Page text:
There are more than two million land titles in Queensland.
Some with one owner, some with many owners and some joined together to form large land
holdings. The exact numbers are changing continuously.
Across those titles, there are more than 4,700 Conduct and Compensation Agreements.
These Conduct and Compensation Agreements are held by 1,472 different landholders.
In cases where there is more than one resource company operating on a property, this property will have more than one Conduct and Compensation Agreement (CCA) registered to it.
As at 31 March 2019, 45 percent of landholders with CCAs held more than one.
Ninety percent of CCAs are held on freehold land and landholders living in the Maranoa and Western Downs Regional Council areas account for 72 percent of all CCAs.
Gas companies have paid more than $505 million in compensation to landholders along with thousands of in-kind agreements such
as fencing, roads, gravel and in some areas access to treated water for cropping that are difficult to put a dollar figure on.
While petroleum tenure overlaps with 9.3% of Queensland dryland agriculture and 3.4% of Intensive land use area, this does not reflect the actual surface footprint of petroleum and gas development activities.
This overlap may seem small however it is still very important to the landholders affected. You can read about the experiences of some of these landholders via our rural landholder insights articles.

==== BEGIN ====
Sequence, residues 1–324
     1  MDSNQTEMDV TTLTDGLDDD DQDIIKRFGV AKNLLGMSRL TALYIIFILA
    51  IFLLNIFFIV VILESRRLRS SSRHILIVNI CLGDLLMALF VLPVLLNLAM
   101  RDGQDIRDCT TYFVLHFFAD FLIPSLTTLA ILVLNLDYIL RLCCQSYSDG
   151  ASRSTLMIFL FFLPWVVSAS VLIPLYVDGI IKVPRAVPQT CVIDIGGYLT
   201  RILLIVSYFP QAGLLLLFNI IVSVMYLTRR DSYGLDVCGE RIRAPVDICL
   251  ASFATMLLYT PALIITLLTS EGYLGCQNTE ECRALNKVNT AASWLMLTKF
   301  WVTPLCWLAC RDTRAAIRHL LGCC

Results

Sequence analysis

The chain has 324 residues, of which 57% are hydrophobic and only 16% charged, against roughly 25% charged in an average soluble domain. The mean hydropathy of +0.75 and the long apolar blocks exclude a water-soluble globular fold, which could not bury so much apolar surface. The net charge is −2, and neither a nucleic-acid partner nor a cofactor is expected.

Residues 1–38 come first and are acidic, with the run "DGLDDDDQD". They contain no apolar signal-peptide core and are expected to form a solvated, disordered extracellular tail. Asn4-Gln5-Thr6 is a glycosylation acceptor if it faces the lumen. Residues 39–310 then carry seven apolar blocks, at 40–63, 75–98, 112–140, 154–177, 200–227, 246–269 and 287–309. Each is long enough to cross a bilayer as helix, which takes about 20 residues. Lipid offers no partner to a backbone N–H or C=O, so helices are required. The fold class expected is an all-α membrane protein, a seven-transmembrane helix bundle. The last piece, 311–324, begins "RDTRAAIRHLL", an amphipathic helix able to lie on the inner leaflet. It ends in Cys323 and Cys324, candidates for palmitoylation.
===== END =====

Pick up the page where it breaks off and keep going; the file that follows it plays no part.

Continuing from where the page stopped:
The GasFields Commission is aware that mistakes have been made and many changes have been implemented over the past decade to better support
balanced relationships between landholders and gas companies.
Land access is controlled within Queensland's land access framework that comprises:
To access private land for advanced activities that are likely to have an impact on land use, the gas companies and landholders must agree
to a Land Access Agreement or Conduct and Compensation Agreement (CCA) prior to work commencing. Read our tips for negotiating a CCA.
The GasFields Commission’s role is to support respectful and balanced working relationships in the gas fields and best practice business to
Rather than becoming directly involved in one-on-one negotiations, the GasFields Commission provides the information needed for informed decision-making.
We have a network of regionally based officers who can assist landholders, communities and local governments in person.
Guide to land access in Queensland
Land Access Code